Introduction: Glowbugs - Homebrew Tube Amateur Radio Transmitters and Receivers

Picture of Glowbugs - Homebrew Tube Amateur Radio Transmitters and Receivers

Glowbugs - homebrew (DIY) tube gadgets, receivers and transmitters, dedicated to the Golden Era of Amateur Radio. Generally, any small, home-built tube-type transmitter or receiver may be referred to as a glowbug. The majority of glowbug transmitters are designed to be used in the CW radiotelegraphy mode.


wd4nka (author)2013-07-07

Andy, your stuff is always so awesome. One day, I need to print up some vintage Letterpress QSL cards for you, to go with your vintage station. Hey! I just came across the carcass of an old Grundig Majestic. Perhaps I can salvage the transformer and filter choke, toss a few filter caps, a 5U4, and rig up a 6AG7 / 6L6 MOPA to couple with my HRO-5 that I hope to re-cap.

perfectsleeper (author)2015-07-06


russ_hensel (author)2015-03-16

Just a note to let you know I have added this ( a year ago ) to the instructable:

Comprehensive Guide to Electronic Breadboards: A Meta Instructable


Take a look at a bunch of ideas for using breadboards.

Johenix (author)2012-12-01

Andy, UU1CC, I assume that is your call sign?
I have a small interest in Glowbugs.
I found an old "QST" article about a home brew, two band Reciever (80 & 40 M) from April 1941. Principle seems sound even though it uses a "C Battery" for bias- 6V AC for filaments.
I would like to rebuild it or something similar using a 1U5 and a 1R5 so I could be completely battery powered. I probably would use a "B Battery" of AA pen light cells.
Worst kit I have found from the 1950's was a ONE TUBE ham station offered (for about $15) by a one man company in Kearney, Nebraska. It was 1/2 triode oscilator transmitter, 1/2 triode Regenerative reciever. You were lucky to be heard across town. A PI network to match it to the antenna might have helped it to get out better.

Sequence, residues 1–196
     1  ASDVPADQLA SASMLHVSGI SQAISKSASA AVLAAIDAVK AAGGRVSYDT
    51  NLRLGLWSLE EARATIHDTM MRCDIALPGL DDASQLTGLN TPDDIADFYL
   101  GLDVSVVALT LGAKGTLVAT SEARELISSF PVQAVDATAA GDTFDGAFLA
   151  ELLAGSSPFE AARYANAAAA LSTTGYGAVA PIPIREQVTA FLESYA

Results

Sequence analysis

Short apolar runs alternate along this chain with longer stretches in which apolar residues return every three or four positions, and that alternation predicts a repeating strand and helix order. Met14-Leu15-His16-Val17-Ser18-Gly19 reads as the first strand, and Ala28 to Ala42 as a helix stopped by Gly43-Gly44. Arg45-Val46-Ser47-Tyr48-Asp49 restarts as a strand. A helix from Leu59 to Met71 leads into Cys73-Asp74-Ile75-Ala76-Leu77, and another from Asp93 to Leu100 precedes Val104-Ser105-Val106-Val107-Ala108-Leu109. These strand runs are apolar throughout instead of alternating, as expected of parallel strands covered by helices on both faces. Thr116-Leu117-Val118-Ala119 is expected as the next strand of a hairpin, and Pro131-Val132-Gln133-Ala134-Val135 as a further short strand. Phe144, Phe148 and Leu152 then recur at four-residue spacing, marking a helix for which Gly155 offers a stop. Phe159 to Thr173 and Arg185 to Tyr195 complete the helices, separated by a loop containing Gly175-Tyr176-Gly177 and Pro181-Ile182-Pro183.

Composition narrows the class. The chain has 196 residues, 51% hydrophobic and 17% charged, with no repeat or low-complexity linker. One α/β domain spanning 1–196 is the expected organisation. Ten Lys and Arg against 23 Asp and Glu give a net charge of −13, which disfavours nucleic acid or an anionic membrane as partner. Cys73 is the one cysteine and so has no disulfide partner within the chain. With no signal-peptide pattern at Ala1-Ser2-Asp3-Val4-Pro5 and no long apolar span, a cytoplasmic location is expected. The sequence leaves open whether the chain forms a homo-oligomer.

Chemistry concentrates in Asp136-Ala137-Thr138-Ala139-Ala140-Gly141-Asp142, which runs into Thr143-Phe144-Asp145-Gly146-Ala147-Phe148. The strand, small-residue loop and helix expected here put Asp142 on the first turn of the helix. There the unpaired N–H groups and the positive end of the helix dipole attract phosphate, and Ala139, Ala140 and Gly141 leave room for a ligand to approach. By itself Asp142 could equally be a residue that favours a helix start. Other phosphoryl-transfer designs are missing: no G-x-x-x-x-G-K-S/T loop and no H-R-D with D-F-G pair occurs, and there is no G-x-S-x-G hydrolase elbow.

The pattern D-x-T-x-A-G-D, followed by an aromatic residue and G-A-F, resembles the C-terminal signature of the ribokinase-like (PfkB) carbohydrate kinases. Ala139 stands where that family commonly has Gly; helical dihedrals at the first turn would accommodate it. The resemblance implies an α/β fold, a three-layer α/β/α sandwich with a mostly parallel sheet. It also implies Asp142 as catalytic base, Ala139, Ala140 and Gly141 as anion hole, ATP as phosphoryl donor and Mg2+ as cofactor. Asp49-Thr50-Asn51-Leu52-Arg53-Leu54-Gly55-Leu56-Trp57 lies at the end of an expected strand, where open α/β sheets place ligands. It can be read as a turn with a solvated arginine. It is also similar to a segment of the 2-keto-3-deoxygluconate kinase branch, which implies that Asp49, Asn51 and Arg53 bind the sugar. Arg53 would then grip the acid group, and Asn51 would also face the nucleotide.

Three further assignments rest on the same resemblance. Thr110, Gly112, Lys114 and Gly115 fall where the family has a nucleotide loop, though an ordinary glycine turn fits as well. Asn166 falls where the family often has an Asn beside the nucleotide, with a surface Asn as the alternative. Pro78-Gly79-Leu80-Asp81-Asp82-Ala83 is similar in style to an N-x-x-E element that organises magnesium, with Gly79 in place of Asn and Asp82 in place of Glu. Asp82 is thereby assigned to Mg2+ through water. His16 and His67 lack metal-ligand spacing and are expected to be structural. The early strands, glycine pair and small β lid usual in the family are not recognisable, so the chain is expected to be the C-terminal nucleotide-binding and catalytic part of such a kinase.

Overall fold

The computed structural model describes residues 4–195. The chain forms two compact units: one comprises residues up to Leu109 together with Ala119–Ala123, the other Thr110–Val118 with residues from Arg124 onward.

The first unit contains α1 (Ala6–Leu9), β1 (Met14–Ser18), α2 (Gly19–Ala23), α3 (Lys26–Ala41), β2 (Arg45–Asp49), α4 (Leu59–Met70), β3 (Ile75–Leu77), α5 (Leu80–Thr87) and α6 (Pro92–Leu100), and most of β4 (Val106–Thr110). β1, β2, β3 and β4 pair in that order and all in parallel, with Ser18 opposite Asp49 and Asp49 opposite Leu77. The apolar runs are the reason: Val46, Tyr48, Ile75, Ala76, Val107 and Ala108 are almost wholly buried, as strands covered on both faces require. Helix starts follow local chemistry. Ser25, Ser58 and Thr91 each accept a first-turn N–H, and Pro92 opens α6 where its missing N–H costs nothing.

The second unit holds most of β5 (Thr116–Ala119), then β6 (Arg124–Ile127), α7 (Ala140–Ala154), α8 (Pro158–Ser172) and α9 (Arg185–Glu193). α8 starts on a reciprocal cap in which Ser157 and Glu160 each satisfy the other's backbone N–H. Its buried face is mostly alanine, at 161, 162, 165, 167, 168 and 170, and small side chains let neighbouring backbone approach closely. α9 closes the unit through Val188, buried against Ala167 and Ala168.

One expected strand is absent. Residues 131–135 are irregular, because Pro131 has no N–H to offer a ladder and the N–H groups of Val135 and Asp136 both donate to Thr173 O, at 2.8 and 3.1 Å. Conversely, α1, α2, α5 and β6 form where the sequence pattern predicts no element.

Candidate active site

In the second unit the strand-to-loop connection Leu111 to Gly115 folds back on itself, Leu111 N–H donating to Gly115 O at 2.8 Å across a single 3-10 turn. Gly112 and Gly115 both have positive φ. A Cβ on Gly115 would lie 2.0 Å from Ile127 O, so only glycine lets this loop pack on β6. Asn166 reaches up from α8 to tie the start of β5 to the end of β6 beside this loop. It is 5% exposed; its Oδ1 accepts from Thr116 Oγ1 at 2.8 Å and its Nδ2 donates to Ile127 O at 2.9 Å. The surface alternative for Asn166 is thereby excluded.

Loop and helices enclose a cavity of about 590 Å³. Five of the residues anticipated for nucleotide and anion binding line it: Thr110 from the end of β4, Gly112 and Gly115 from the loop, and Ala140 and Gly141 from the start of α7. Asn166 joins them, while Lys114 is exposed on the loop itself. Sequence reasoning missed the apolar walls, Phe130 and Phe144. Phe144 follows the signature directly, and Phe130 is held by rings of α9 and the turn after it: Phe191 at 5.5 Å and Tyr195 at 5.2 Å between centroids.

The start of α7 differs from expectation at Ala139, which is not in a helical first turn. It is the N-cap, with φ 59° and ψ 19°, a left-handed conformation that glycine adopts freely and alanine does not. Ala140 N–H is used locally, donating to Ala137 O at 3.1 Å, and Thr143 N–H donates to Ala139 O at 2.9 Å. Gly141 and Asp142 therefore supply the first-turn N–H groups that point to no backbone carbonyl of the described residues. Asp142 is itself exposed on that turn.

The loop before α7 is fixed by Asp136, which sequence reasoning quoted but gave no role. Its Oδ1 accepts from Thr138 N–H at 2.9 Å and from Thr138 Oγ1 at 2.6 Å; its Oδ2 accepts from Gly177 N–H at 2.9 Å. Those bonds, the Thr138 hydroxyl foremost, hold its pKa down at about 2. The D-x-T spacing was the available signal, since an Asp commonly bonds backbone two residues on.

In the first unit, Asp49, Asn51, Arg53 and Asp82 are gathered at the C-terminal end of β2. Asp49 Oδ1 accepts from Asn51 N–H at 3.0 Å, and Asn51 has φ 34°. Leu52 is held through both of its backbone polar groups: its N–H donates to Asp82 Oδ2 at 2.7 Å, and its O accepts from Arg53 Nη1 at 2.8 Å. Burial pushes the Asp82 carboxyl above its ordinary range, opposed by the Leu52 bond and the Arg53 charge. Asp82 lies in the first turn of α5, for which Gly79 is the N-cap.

I was thinking of using a tube like that double triode as a push/pull crystal oscilator transmitter.
I also have plans for an early 1950's camper's 2 tube superhet reciever ( 1U5, 1R5) from "Popular Mechanics" magazine.

Oh, yes, my call is KC0KBG.

M0HIZ (author)2012-01-30

Very nice - there should be more ham radio stuff on Instructables.

RangerJ (author)M0HIZ2012-08-17

Amen. It seems like a perfect place for ham projects.

welder guy (author)2011-08-31

I like it! This is the true spirit of HAM radio! I have to make one of these soon!


shobanaelango (author)2010-08-25

can any body tell me how to make a fm radio????????

wa2qcj (author)shobanaelango2011-03-18

The biggest issue for a FM receiver is the detector stage, and a limiter. The limiter stage is simply an amplifier that is followed by a diode clipper stage. Insertion of these 2 stages into an AM radio will net you a FM receiver. Schematics for FM detectors, and limiters abound on the Internet, so a google search should net you what you need. If you can follow a schematic, then you should do quite well with this project.
IC versions of these radios are also very common, and readily available.

shobanaelango (author)wa2qcj2011-03-19

thanks for the reply

robot797 (author)2011-01-12


electricfan (author)2010-06-04

what tubes do you use? I'm preaty sure there is a 6l6 there

Andy UU1CC (author)electricfan2010-06-04

You're right - it is early Russian 6L6-GB's clone - 6P3

me (author)2010-02-22

nice, it has a steampunk look to it, I like it, you should really post a how to...

Andy UU1CC (author)me2010-02-22

Thank you, but I'm so unfamiliar with all these "howtos" - I'm Instructable newbie, just second day here. Take a look at and

Phil B (author)2010-02-21

Did you use published circuits, or design your own?

Andy UU1CC (author)Phil B2010-02-21

Hi there. Using my own - it is The Main Rule :-)

About This Instructable




Bio: Partido Geozentrista de los Martianos Intruderz
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